Kickboxing is one of the best combat sports out there. It’s quickly increasing its popularity among regular people recently after cardio kickboxing classes became a thing. But how hard exactly is kickboxing? This is the question I’m going to try to answer in detail in this article.
Is kickboxing hard? Kickboxing is a very technical sport and it’ll take you some time and effort before starting executing the technique correctly. Kickboxing workouts are fast-paced and endurance-focused. If you’re out of a shape before starting kickboxing, the first few classes will be really hard and exhausting. But after 1-2 weeks of training, your body will get used to the exercises and you won’t be so tired and have muscle soreness.
That actually applies to every sport – you are going to have muscle soreness in the first few weeks. But what about after that? Is kickboxing easier?
Well, it will be much easier for you compared to the beginning but still, kickboxing is not an easy sport. It’s a whole-body exercise and requires good cardio. That’s why kickboxing is so good for losing weight, improving your endurance and building lean muscle.
If I need to compare the most popular combat sports, I’ll put kickboxing right after wrestling (where wrestling is the hardest one) and before boxing and BJJ.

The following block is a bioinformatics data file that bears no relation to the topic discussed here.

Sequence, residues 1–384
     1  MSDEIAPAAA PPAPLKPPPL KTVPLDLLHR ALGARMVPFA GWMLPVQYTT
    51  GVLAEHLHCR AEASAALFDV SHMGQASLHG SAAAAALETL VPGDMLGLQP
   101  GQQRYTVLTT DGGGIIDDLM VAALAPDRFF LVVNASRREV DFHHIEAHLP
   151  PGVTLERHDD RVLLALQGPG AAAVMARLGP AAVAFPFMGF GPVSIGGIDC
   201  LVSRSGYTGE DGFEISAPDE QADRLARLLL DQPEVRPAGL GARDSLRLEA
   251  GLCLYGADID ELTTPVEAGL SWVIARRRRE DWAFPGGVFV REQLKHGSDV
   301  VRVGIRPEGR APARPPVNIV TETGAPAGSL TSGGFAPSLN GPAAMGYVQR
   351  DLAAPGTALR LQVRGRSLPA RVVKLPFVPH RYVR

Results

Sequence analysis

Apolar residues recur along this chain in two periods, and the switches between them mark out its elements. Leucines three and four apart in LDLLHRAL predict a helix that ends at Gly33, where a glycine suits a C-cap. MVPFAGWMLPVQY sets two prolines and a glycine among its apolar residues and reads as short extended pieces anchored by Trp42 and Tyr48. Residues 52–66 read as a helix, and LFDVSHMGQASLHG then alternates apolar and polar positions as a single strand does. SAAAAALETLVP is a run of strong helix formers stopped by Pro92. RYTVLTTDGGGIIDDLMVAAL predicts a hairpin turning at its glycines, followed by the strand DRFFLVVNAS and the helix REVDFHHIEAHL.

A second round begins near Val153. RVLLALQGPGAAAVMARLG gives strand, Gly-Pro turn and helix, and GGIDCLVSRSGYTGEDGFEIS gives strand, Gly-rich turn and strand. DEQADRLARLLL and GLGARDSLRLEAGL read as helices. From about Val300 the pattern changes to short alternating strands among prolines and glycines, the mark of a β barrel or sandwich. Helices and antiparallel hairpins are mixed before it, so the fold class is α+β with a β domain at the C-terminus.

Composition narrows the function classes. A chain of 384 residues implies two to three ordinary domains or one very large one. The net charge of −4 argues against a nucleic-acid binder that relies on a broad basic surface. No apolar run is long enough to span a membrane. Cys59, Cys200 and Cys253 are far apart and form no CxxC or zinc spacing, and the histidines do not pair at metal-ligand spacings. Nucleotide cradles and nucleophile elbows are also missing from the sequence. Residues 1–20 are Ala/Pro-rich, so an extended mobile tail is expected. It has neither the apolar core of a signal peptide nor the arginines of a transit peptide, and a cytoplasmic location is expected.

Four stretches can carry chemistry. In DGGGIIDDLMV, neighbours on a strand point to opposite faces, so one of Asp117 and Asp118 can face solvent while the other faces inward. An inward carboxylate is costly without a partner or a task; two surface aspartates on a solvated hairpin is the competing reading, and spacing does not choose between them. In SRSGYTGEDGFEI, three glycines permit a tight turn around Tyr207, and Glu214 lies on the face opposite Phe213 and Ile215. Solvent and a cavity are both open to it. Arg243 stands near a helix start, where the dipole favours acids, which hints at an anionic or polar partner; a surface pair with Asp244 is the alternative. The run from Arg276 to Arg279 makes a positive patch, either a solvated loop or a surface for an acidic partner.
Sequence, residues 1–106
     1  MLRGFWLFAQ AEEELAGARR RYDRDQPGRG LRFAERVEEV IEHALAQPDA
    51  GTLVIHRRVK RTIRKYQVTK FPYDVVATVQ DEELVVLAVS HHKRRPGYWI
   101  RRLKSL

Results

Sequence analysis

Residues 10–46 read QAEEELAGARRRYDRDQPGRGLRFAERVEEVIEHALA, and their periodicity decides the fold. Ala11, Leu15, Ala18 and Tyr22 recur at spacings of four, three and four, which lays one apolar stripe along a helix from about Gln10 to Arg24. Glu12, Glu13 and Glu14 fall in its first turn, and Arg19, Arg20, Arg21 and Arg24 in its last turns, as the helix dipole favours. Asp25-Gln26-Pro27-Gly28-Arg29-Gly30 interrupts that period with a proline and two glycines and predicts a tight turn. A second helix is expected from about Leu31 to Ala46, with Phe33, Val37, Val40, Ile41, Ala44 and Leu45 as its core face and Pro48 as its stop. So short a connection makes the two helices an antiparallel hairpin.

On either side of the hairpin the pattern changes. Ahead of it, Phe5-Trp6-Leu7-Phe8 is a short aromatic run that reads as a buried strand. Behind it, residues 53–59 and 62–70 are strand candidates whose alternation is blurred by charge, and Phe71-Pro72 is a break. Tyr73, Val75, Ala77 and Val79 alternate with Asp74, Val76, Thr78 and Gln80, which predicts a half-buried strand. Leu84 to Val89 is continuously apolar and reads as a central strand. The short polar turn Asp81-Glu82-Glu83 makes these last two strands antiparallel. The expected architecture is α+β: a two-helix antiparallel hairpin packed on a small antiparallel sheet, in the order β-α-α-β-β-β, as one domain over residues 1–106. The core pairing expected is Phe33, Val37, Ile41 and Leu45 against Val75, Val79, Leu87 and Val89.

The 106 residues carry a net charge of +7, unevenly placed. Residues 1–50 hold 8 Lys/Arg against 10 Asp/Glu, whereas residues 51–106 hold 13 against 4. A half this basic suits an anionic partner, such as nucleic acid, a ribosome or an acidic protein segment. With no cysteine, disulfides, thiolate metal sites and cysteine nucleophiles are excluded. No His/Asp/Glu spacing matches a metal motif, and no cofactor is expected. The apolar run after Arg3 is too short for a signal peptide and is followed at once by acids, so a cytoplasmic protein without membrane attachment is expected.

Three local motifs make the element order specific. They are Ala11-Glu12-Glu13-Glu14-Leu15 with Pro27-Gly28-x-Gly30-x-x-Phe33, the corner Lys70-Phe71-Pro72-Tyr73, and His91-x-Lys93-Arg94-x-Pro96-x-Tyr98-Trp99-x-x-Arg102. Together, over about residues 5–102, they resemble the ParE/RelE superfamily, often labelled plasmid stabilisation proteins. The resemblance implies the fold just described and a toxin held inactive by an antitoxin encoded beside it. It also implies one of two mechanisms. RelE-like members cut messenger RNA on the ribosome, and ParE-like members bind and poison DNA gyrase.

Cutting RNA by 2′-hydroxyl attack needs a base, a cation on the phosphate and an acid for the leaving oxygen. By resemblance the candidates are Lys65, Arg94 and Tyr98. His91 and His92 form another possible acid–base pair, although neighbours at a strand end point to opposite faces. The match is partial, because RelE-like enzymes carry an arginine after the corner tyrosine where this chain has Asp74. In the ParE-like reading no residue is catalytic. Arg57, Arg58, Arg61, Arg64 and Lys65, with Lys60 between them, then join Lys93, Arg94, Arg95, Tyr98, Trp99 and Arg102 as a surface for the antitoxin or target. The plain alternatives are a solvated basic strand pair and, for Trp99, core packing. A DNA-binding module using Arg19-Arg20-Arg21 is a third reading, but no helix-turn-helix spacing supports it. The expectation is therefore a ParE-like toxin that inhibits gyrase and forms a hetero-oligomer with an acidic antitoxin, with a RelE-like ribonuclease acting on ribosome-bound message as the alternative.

But when it comes to combat sports, the word “hard” has two different meanings. The first one is how grueling the workouts are and the other how many different techniques you need to master. In the rest of the article, I’ll try to answer those two questions in detail.
Is kickboxing hard for beginners?
Now, when comparing how hard given combat sports are, I’m usually looking at a competition perspective. But for beginners, it can be completely different.
For example, cardio kickboxing classes (fast-paced cardio workout combined with kickboxing techniques) are very different from standard kickboxing classes. Their goal is to help people lose weight or get into better shape while doing funnier activities than a regular fitness gym workout.
There isn’t full contact sparring and the focus is more on endurance rather than technique. In standard kickboxing classes technique is like 70-80% of the workout (drills; sparring) and 20-30% conditioning (rope jumping, push-ups; running, etc). In cardio-kickboxing classes, that ratio is roughly 50/50 or even 60% conditioning since conditioning is the main focus of the workouts.